The Fall of Chicago

What our Marxist friends call “internal contradictions” are bringing down Chicago, as they have already bankrupted Detroit. Writing at Powerline, Paul Mirengoff explores “The Larger Meaning of Rahm Emanuel’s Woes.”

I agree with Walter Russell Mead that “what’s happening in Chicago is an earthquake that points to the escalating crisis of governability for blue cities across the United States.”

Mead identifies six dimensions to the crisis. They are:

First, this dilemma: a dramatic reduction in crime contributed to the economic health of cities like Chicago; aggressive policing contributed to that reduction; but dramatic policing leads to more confrontations between civilians and the police, such as the ones that have Emanuel in so much trouble.

Second, large pensions for public sector union members are forcing cities like Chicago to cut back on key services, including public education. This produces, among things, a serious tension between various liberal constituencies.

Third, the strength of the public sector unions also makes it very difficult for cities to manage their workforce. This too causes a decline in the quality of services.

Fourth, the cost of keeping cities functioning — not just paying obligations such as pensions but also repairing and replacing old infrastructure — is skyrocketing. This forces cities to impose higher taxes which drive many employers away and lead to a reduction in the middle class population.

Fifth, native-born citizens, whatever their race, are moving out of many cities, as immigrants move in. This exacerbates income inequality, as well as ethnic tension.

Sixth, political machines continue to prevail in American cities. This tends to make good governance difficult (see Detroit and New Orleans). But Mead points out that even when, as in Chicago, the machine tries to govern intelligently, “the imperatives of good governance and urban development push in one direction, but the forces that push toward short-termism, ethnic demagoguery, and fiscal irresponsibility are getting stronger.”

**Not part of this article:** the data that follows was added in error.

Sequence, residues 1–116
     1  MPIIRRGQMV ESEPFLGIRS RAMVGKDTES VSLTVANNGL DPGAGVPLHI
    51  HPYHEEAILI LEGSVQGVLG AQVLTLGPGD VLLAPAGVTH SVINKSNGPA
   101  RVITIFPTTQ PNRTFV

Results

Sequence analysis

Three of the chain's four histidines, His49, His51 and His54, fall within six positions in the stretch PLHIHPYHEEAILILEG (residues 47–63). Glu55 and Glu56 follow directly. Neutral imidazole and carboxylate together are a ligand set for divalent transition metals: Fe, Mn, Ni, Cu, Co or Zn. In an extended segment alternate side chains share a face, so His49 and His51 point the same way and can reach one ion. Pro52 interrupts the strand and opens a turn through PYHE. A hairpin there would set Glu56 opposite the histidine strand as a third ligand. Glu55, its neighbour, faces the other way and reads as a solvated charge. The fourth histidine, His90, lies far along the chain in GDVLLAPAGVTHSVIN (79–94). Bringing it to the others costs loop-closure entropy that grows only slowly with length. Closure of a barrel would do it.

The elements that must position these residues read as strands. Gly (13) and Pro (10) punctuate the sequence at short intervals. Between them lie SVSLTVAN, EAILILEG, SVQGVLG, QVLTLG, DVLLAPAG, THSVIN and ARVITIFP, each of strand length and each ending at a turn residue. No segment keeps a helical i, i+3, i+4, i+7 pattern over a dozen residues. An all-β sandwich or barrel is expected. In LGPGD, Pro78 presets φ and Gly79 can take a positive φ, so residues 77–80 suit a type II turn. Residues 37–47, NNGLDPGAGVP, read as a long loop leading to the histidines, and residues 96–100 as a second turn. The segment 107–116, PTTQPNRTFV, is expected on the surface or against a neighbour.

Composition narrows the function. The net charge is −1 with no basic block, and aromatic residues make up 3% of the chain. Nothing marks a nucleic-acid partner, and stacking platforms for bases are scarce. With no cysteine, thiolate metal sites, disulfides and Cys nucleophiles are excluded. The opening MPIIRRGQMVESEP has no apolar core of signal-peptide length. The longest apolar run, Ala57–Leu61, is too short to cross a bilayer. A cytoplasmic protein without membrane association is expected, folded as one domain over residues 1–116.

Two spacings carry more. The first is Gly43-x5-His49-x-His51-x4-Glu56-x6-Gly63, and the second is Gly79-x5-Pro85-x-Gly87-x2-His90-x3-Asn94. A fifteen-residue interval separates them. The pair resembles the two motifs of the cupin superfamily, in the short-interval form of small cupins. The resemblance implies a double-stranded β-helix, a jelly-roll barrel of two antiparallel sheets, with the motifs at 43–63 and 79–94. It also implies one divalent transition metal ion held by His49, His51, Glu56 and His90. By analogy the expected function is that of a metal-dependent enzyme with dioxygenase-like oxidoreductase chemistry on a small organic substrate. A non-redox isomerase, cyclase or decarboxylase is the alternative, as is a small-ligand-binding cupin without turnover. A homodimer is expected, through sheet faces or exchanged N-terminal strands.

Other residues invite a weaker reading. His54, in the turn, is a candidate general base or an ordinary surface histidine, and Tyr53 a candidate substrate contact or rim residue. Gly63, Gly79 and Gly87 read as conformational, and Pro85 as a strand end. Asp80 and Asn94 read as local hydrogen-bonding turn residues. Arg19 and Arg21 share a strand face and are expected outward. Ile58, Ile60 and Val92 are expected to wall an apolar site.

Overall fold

There are some exceptions (San Francisco being the most prominent, with Oakland close behind – where the tech boom has led to in-migration of affluent techies), but most large Democrat-run cities are following this path to disaster, with a shrinking base of taxpayers supporting a growing population of dependents, as municipal employees consume ever greater portions of tax revenue for their retirements and health care benefits. The money runs out, services decline, and the dependents get angry and unruly. Even more taxpayers flee, until the bills cannot be paid.

But Chicago, run by Rahm Emanuel an intimate friend and White House majordomo of both Hillary Clinton and Barack Obama, has the most potential to turn violent as well as lurch toward insolvency next. Its crash would be hard for national Democrats to ignore.

For your friends who find prose essays taxing, Doug Ross of Director Blue comes to the rescue with another of his brilliant comic book style essays, this one illustrated by Biff Spackle, and based on an article by Daniel Greefield – another brilliant conservative.  This is worth sharing with your friends. Read the whole thing here.